Last year, Survios (the same team behind one of my personal favorite VR shooters) Raw Data announced its new project. To be perfectly honest, I was initially disappointed with the announcement — mainly because the studio decided to focus on building a game that was designed for fast-paced locomotion movement. With the closed beta finally over, I am happy to say that any worries I had with this game are no more and after having some personal time with the game, Sprint Vector is shaping up to be another great title from the creative minds at Survios.
Initially revealed at last years annual Game Developers Conference, Survios is delivering a fast-paced platformer (nausea-free) VR experience instead of a fast-paced first-person shooter. Delightfully, the game is filled to the brim with whacky characters and colorful environments.
From the moment I strapped on my HTC Vive headset, the first thing I noticed right away in Sprint Vector was the amount of detail placed on every aspect of the beta, including its in-game lobby. The menu select screen featured provided access for players to play the tutorial, single-player races, challenges, online multiplayer, and a slew of other options at your disposal, one of which includes changing the physical appearance of your character.
Gameplay-wise, Sprint Vector utilizes a Fluid Locomotion System; using the Vive controllers, hold down the trigger as you begin to swing your arms as if you were running on a track, or taking a simple jog around the neighborhood. But do not expect to just flail your arms all over the place, hoping to be the fastest contestant on the race – not only will you look silly to anyone around you watching, but you will tire yourself out rather quickly.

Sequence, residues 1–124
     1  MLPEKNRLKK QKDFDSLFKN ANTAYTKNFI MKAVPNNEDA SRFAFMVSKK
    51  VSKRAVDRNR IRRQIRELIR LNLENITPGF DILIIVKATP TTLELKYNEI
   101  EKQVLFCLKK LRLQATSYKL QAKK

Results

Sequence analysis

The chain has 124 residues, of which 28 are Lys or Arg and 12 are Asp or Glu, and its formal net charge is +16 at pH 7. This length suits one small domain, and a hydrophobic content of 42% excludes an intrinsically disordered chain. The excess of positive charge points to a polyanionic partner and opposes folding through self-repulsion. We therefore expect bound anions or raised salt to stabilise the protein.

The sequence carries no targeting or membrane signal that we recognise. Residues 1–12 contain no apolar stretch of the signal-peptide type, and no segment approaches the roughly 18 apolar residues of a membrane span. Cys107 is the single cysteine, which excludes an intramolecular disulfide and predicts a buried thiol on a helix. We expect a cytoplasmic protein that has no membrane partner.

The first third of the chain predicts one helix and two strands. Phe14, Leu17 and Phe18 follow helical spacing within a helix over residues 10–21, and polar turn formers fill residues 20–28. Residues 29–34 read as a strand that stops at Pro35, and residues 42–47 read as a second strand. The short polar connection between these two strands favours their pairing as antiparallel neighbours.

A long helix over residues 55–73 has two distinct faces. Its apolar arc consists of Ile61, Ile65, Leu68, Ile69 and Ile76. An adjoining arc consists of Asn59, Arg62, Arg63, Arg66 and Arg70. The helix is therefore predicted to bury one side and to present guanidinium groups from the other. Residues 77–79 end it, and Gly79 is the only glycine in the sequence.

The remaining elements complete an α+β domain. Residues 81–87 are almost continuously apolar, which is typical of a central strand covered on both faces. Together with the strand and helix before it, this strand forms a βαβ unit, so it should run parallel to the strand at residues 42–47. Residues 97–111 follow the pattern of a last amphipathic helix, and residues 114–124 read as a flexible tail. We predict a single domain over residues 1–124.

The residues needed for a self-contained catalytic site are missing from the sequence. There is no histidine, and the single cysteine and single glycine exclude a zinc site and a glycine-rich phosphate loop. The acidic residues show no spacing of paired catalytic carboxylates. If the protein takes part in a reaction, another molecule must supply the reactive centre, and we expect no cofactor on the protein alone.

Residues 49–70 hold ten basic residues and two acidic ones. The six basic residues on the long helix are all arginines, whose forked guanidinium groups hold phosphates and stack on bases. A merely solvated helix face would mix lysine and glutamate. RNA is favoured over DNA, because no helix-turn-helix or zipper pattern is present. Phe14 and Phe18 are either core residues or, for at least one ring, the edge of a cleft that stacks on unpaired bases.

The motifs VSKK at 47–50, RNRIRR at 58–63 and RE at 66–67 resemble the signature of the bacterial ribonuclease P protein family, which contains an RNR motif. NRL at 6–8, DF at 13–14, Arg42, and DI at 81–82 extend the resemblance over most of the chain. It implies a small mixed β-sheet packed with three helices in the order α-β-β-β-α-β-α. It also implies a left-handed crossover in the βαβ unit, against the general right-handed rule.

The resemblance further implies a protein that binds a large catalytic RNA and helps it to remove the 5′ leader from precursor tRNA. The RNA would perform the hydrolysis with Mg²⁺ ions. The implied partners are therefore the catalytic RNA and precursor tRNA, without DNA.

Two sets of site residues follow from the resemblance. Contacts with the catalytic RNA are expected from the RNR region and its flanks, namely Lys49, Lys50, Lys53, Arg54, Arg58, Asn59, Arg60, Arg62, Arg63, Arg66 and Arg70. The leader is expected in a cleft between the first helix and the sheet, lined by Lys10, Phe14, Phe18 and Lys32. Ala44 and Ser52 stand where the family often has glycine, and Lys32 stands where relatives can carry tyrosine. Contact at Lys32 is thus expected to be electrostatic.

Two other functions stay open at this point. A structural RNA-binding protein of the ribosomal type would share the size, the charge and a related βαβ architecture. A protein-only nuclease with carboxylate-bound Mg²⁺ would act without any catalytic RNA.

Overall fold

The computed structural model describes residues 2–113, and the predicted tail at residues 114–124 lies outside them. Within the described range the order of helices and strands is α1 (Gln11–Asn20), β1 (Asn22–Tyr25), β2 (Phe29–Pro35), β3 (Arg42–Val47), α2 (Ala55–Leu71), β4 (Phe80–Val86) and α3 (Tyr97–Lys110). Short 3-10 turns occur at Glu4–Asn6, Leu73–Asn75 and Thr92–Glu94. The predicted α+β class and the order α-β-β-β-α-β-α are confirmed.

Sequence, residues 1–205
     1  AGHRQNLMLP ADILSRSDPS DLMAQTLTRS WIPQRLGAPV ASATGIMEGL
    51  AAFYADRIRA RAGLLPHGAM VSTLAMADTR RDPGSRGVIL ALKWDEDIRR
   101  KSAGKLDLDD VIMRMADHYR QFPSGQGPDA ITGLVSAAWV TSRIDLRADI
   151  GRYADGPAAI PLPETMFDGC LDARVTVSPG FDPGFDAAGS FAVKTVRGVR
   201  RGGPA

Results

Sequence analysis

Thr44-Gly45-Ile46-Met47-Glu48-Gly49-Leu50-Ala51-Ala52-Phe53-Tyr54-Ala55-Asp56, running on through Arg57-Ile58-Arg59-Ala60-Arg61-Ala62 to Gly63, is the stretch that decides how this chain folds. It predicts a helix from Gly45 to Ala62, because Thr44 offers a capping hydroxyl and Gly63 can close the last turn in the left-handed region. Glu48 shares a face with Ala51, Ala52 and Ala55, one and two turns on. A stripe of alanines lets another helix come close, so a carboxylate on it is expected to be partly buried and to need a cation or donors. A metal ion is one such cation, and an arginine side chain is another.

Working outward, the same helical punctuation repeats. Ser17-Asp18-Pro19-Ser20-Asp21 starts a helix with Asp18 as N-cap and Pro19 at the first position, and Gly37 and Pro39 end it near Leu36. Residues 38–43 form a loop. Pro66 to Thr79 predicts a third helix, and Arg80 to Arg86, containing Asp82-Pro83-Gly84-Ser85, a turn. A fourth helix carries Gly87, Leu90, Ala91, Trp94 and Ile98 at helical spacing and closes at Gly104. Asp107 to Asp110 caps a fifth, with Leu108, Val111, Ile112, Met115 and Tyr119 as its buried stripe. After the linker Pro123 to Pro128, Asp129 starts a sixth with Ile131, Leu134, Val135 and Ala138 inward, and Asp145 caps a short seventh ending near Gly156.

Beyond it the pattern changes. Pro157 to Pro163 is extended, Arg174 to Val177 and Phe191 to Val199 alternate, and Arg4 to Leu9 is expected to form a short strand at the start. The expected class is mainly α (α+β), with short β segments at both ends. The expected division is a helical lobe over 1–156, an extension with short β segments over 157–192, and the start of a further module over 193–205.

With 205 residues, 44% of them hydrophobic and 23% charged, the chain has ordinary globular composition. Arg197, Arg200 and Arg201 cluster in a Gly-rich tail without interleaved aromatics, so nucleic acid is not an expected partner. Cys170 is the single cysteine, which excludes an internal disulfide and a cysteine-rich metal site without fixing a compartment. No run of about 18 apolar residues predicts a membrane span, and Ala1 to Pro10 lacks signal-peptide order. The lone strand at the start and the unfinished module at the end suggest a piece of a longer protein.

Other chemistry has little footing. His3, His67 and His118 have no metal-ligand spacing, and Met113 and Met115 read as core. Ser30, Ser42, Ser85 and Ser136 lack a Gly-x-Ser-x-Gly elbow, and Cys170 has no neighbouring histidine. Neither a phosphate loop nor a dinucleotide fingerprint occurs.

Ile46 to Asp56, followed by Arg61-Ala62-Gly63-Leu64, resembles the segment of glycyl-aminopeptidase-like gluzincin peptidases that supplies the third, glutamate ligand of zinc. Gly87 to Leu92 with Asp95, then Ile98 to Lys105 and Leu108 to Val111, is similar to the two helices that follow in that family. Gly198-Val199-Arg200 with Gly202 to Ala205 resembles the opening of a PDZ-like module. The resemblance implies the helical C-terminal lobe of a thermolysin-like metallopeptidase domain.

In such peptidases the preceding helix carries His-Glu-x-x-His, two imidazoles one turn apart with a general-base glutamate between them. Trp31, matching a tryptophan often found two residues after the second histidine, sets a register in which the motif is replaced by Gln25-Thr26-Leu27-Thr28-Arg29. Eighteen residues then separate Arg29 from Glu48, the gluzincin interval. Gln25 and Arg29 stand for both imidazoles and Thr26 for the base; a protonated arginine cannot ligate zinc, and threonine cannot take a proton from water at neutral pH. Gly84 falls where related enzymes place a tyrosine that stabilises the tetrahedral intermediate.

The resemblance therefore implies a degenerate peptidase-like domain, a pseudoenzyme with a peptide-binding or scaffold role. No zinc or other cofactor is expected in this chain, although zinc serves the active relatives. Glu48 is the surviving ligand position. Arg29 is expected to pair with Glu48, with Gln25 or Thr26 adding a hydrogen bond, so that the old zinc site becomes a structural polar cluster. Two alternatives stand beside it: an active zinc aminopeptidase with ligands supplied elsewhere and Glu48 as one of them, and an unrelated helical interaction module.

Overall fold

Although, it is not the actual moving that will be hard to master, but rather the combination of turns and jumps you will need to practice as these two important actions will determine whether you gain or lose momentum during the race. Overall from the controls side, I would not say its anything challenging to grasp, but if you want to be good at the game, practice and patience will be essential.
As mentioned, this was a closed beta of the game, so many of these features were unavailable. The closed beta’s build included three races in single-player mode. Each of the three tracks was unique, which was nice because I never felt a sense of deja vu when trying them out. One thing that was the same across all three tracks, however, was that each map was designed with all sorts of obstacles which not only tested your reflexes but your physical fitness as well.
Similar to platformers like the 2D Sonic The Hedgehog games, there are plenty of alternate routes for you to take, so replayability is high. Especially if you are competitive and want to find every way to one-up your opponent or, you are somewhat of a perfectionist, who wants to master each route available in the game.
Sprint Vector may not be the game I originally wanted, but it is certainly shaping up to be one of my favorite games to come out in the first quarter of 2018. A game that not only delivers some speedy platforming but also can provide quite the workout. With all the closed beta had to offer I am left with this question: is Sprint Vector aiming to be an eSport title? After everything I experienced with the beta, it looks to be that way and hopefully, I can provide a legitimate answer for you all when my full review comes out. Regardless, Sprint Vector is a VR title that any VR owner should definitely keep their eyes on in the coming weeks.
Sprint Vector will be available on February 8 for HTC Vive and Oculus Rift, while a PlayStation VR version will launch shortly after on February 13.
This post was last modified on February 6, 2018, 7:23 pm